This post is regarding exersise 4-8 from the following book: Hughes Electrical And Electronics Technology 10th Ed.

Here it is:

enter image description here

Let's focus on what I tried for solving part (b) :

Since this is an exercise under the chapter for delta-star transformations my first thought was to try and perform some such transformation. However this was a combination of both star and delta connections so I didnt really know whether the resulting resistances would be in series / parallel or neither, with the already existing ones, so I tried both series and parallel: enter image description here

However neither worked.

My next thought was that maybe I have understood something very badly about the resulting resistance of two points in a circuit. So after a little bit of digging I tried the following: enter image description here

However I again got a wrong result in regards to the given answers at the end of the book.


  • Which approach (if any) was correct?
  • If no approach was correct, which concept do I need to understand better?

Any help/hint is very much appreciated

  • \$\begingroup\$ I don't think any of your approaches makes sense and also you didn't explain anything how you draw these equivalent circuits \$\endgroup\$
    – user215805
    Commented Oct 3, 2020 at 17:35
  • \$\begingroup\$ Take the delta, transform into a star. You have two start in parallel which is easy to simplify. Or take the star. transform into a delta. Two deltas in parallel. Or both, transform the final delta into a star (or vice versa) to check you get the same answer. \$\endgroup\$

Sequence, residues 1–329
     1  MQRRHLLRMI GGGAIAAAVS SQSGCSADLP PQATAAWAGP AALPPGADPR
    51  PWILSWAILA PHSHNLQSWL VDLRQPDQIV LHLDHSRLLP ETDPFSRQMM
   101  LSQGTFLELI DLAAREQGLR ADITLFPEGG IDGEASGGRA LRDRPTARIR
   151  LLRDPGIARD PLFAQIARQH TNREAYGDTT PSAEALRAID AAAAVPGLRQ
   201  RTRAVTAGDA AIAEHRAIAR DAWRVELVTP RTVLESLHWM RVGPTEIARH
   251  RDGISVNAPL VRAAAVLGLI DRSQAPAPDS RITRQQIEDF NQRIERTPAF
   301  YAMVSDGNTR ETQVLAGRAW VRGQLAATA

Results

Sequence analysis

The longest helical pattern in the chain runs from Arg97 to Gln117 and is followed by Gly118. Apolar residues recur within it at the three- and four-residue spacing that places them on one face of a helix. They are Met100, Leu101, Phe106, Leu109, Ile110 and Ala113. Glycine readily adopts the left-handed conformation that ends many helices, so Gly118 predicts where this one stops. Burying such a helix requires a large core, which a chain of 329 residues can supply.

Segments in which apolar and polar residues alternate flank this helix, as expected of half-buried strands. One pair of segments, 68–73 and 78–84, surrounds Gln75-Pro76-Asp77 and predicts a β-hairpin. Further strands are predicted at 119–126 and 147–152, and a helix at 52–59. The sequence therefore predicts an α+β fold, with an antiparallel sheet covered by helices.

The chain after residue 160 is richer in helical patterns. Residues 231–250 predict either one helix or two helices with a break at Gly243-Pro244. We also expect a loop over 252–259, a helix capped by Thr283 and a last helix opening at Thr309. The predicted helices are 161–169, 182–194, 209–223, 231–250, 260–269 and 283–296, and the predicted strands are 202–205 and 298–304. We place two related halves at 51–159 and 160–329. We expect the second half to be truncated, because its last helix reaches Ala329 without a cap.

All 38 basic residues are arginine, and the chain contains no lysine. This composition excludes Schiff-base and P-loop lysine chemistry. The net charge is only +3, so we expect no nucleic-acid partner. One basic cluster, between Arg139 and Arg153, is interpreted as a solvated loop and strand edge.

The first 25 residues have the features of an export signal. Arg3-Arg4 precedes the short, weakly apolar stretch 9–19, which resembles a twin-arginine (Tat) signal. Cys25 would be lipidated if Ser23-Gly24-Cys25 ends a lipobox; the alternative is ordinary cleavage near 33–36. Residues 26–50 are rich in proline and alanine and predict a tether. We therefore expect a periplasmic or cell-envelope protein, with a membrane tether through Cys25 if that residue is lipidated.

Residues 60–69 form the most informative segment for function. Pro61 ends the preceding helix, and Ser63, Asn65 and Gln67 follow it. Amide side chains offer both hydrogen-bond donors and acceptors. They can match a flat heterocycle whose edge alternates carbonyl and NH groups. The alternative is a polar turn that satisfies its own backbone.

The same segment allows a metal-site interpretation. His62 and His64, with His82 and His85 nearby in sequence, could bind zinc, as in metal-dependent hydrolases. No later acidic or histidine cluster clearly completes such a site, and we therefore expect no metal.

– user16324
    Commented Oct 3, 2020 at 18:33
  • \$\begingroup\$ @BrianDrummond this is what it tried(first picture), i guess i made some computational error, will try again \$\endgroup\$
    – Stamatis
    Commented Oct 4, 2020 at 7:16
  • \$\begingroup\$ @BrianDrummond I have concluded that i have not made any computational mistake, the resulting Resistance from A to N turn out to be 0.98 ohm with this method, which by the book is wrong, it should be 1.45 ohms \$\endgroup\$
    – Stamatis
    Commented Oct 5, 2020 at 9:14
  • 1
    \$\begingroup\$ @BrianDrummond it worked for part (a) however so I am clearly doing somethiing wrong \$\endgroup\$
    – Stamatis
    Commented Oct 5, 2020 at 9:29

2 Answers 2


To calculate equivalent resistance between A and N one approach would be -

1.look at NCB which is in Delta connected form

2.make NCB in star connection from delta by conversion formula

after that conversion you'll get a very simlified circuit which is very easy to solve

  • \$\begingroup\$ I see what you mean, and it worked, I posted the full solution as an answer here. Thank you so much! \$\endgroup\$
    – Stamatis
    Commented Oct 5, 2020 at 10:58

I figured it out, this is the answer for part(b) "Finding Equivalent resistance from A to N".

First of all, here is a nicer sketch:

enter image description here

Now we will focus at the delta connection defined by N , B , C :

enter image description here

And now if we go back to our original sketch and replace the converted circuit we can greatly simplify it:

enter image description here

Finally, we are ready to compute the equivalent resistance from A to N:

enter image description here


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